Music to spark a better life for older adults and preschoolers

Archive for the ‘Preschool’ Category

Happy Second Birthday!

Music Sparks is two years old. 

It has been a great year – both in Hays and in social media.  

Here in Hays, I have had great fun regularly providing group music therapy services at some area assisted living facilities including a very successful intergenerational group at one facility. Being invited to take part in the Family Fun Fest at the Mall was an absolute blast! The fall Saturday morning class was great fun for me and the boys who attended. I am also thankful for the opportunity to volunteer some time during the year in the Good Samaritan Alzheimer’s unit – New Horizons.

Social media wise, things are booming. Our Facebook page has reached over 100 “likes”. As of June 2011, SPARKS is now a bi-weekly newsletter providing resources for preschoolers, older adults and intergenerational programs around different themes. And, as of today, Music Sparks has a new website: music2spark. Do check out the new site!

I am so thankful I found Laura Crum who is assisting me in the process, and providing guidance. I also have a lot of people who have served as mentors in social media:

Things only look for exciting for Music Sparks this coming year. As I announced in May, there are lots of changes coming. The intergenerational program will now be known as Music Sparks: Sharing Songs. Beginning in September there will be an additional evening session. For children 18 months through age 3 I will offer Music Sparks: Discover one morning a week. And, the Saturday morning class for 5-6 year olds will reappear as Music Sparks: Exploration. (Click here to check the Preschool Class page for details.)

Older adults not in Assisted Living aren’t forgotten. I am working on some group music opportunities just for you! The best place for you to find out about upcoming sessions is the Older Adult tab.  

Thank you to all who read this blog. I’ll see you from now on at the new, improved site  – Music 2 Spark!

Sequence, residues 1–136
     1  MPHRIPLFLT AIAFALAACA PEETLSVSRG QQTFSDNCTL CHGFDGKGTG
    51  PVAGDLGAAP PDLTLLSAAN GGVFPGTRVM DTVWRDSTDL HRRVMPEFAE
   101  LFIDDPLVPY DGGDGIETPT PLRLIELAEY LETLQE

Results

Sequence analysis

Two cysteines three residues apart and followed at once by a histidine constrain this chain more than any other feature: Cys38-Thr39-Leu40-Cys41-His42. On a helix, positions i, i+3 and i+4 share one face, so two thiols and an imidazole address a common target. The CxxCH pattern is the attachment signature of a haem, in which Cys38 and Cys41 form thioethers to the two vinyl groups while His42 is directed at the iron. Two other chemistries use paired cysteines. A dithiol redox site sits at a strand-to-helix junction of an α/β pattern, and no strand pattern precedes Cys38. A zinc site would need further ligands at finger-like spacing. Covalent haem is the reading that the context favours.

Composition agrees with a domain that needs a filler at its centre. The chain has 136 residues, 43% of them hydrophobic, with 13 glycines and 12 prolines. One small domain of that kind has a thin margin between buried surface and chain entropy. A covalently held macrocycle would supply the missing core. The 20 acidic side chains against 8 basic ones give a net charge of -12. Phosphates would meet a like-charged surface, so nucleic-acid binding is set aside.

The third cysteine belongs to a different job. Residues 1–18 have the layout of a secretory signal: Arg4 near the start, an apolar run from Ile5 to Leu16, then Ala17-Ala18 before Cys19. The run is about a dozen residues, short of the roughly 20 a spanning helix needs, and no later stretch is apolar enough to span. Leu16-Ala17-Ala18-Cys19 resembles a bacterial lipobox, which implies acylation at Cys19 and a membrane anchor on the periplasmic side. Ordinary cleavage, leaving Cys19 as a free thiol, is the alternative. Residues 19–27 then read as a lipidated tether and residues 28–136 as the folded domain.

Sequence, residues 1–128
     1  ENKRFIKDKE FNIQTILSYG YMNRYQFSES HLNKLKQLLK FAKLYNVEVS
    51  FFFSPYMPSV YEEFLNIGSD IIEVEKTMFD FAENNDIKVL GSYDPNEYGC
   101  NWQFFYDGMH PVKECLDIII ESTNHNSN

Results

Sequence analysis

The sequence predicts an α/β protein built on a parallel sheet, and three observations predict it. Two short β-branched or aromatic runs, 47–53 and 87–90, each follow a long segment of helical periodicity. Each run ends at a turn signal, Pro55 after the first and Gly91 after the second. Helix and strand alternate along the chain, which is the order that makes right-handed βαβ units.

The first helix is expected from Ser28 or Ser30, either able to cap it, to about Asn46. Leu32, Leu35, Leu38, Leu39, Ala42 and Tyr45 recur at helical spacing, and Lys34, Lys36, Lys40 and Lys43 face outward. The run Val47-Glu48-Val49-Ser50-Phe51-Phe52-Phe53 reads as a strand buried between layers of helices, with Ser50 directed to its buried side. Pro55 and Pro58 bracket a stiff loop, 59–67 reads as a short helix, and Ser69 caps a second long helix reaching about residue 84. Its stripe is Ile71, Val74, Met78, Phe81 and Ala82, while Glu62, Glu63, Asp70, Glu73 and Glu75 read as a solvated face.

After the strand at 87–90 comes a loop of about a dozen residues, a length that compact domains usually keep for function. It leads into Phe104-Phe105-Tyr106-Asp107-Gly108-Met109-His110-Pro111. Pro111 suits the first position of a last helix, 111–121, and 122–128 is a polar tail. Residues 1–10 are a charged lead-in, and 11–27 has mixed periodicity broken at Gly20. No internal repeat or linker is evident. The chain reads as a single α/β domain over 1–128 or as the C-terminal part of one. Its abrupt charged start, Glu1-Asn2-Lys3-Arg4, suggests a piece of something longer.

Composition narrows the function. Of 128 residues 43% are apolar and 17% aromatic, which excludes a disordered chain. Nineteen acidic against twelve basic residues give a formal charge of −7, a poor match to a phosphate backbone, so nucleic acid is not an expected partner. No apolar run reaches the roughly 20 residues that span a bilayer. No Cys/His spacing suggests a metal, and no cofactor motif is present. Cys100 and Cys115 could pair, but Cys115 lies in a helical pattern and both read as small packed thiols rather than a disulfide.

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3 Back to School Morning Boosts

Saying my daughter is not excited about going back to school is an understatement. (No, that isn’t a picture of her.) She is a true teen, a true musician. Mornings are not her thing! Whether you have a teenager, a child in elementary school, a pre-schooler or are an adult preparing to return to a class schedule, there are three things you can do to boost the energy level in the morning.

Restart the bedtime and wake time schedule. Depending on how “off schedule” your summer has been, it takes time to reset the body clock. We had a very laid back schedule at our house, so we have started a couple of weeks out with gradually having earlier bed and wake times.

Try adding a positive affirmation to your day as you turn off the alarm clock. It can be short like “new day, new opportunities” or something long. I find affirmations help me have a positive focus to my day.

Add a little music. (You knew this was coming, right?) With the advent of mp3 players and iPods this can be easy. My daughter often plays music as she puts on her make-up. I may play music as I prepare breakfast.  It doesn’t have to be peppy, just music we like. When she was little, I had relaxing, lullaby CD’s I played and sang with at her bedtime. My favorite CD’s were:

I would also sing little songs to wake her in the morning.

What are your favorite ways to awaken on a school morning?

Singable Stories: Take Me Home, Country Roads

John Denver's Greatest Hits

Image by thejcgerm via Flickr

Tomorrow I will be traveling back home after a wonderful family vacation. Though I will be flying, John Denver is running through my head. If you open the cover of John Denver’s “Take Me Home Country Roads”, adapted and illustrated by Christopher Canyon you are greeted with this quote:

Music makes pictures and often tells stories, all of it magic and all of it true. And all of the pictures and all of the stories, and all of the magic, the music is you. ~John Denver

While this is a children’s book, I believe it would work well in an intergenerational group. Watch the clip to find out why.

What are your impressions of this book? Share them in the comments.

Simplification in a Session

Simple

The week of August 1-7 is Simplify Your Life Week. As always, that has me asking questions.

  • How can simplification apply to my work?
  • How does simplification apply when working with older adults or children?
  • Does it apply to life with a young child?

In my work, simplification can take many forms. Accompaniments can be reduced even to the point of a simple rhythm on a drum. I can prepare less structure/plan allowing myself to flow with the clients during the session.